If you use a Keurig single-serve coffee maker, or one of its many rivals, to brew your morning joe, you're being gouged. According to a report yesterday from New York Times java expert Oliver Strand, the coffee in the machine's capsules comes out to a whopping $51 dollars a pound. That's more, he writes, than all but the highest-end beans produced by artisanal roasters like Stumptown and Intelligentsia -- let alone Folgers.
Time magazine notes that prices are a little lower if you buy the pods in bulk through a vendor like Amazon. But they're still much more expensive than even high-end beans.
The reason people -- especially young people -- are willing to pay that much is that single-serve makers are very convenient, and are often still cheaper than getting your fix at a coffee shop. They let you brew coffee extremely quickly and with no annoying cleanup afterwards.
Champion barista James Hoffman took to his blog to defend the single-serve coffee makers' pricing strategy. "I don't think we should be angry about how much they charge, unless we're directing this at our own failures to reach that price point despite having better product," he writes. "One could infer that Nespresso's success implies we're way too cheap."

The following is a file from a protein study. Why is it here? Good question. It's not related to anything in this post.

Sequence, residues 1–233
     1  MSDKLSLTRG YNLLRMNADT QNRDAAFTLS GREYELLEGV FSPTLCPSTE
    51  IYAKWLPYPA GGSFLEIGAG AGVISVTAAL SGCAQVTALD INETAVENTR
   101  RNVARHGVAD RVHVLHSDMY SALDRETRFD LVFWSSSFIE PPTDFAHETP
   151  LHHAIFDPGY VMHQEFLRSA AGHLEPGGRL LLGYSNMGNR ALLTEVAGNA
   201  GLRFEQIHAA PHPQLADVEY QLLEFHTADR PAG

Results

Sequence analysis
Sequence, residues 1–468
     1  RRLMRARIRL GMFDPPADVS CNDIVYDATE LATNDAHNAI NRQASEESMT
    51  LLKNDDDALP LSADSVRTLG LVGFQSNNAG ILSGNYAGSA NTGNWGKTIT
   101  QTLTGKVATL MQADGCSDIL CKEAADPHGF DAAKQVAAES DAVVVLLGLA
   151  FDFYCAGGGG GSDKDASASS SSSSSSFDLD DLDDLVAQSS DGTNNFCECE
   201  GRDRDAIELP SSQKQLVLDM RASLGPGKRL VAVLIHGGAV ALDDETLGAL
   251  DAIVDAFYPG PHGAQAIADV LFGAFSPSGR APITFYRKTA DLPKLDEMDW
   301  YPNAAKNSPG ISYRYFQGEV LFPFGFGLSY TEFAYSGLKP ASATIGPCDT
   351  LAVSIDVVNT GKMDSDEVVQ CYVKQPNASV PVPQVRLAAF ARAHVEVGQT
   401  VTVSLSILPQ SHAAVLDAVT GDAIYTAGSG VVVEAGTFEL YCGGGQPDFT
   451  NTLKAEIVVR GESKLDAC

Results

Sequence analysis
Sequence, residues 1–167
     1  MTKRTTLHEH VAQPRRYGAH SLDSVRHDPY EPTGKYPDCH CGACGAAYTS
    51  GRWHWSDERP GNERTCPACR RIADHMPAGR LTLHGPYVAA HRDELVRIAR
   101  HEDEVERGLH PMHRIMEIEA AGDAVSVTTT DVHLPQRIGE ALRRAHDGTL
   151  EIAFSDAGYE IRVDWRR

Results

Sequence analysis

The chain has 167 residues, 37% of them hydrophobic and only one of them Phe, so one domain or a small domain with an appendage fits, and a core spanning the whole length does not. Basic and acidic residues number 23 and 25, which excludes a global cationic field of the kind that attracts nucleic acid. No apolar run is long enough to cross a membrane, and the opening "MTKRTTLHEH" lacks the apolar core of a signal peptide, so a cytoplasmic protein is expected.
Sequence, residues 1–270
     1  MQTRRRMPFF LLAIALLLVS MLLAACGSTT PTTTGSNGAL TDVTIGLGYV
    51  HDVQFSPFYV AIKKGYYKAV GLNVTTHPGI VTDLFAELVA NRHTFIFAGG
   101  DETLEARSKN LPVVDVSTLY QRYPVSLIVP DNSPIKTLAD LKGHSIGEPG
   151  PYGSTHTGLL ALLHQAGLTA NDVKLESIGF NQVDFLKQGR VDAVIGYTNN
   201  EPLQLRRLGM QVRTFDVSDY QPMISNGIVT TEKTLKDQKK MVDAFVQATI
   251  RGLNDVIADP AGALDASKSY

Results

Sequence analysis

The past few years have seen virtually every major coffee company rush to get a piece of the rapidly-growing single-serve coffee maker market. Anyone not marketing its own machine -- as Nespresso and Coffee Bean and Tea Leaf are -- is probably making capsules for use in the market leader Keurig. Dunkin' Donuts and Starbucks, for example, both signed on in August.
UPDATE: Since publication, some concerned readers have written in to note that one way you can make Keurig coffee using normal-priced beans by using a product called "My K-Cup." It costs $17.95 on the Keurig website and is indefinitely reusable. That makes it good for the thrifty and the eco-conscious. But it's also worth noting that a big part of the reason people use a single-serve coffee machine is that it lets them avoid having to deal with the mess of wet coffee grounds.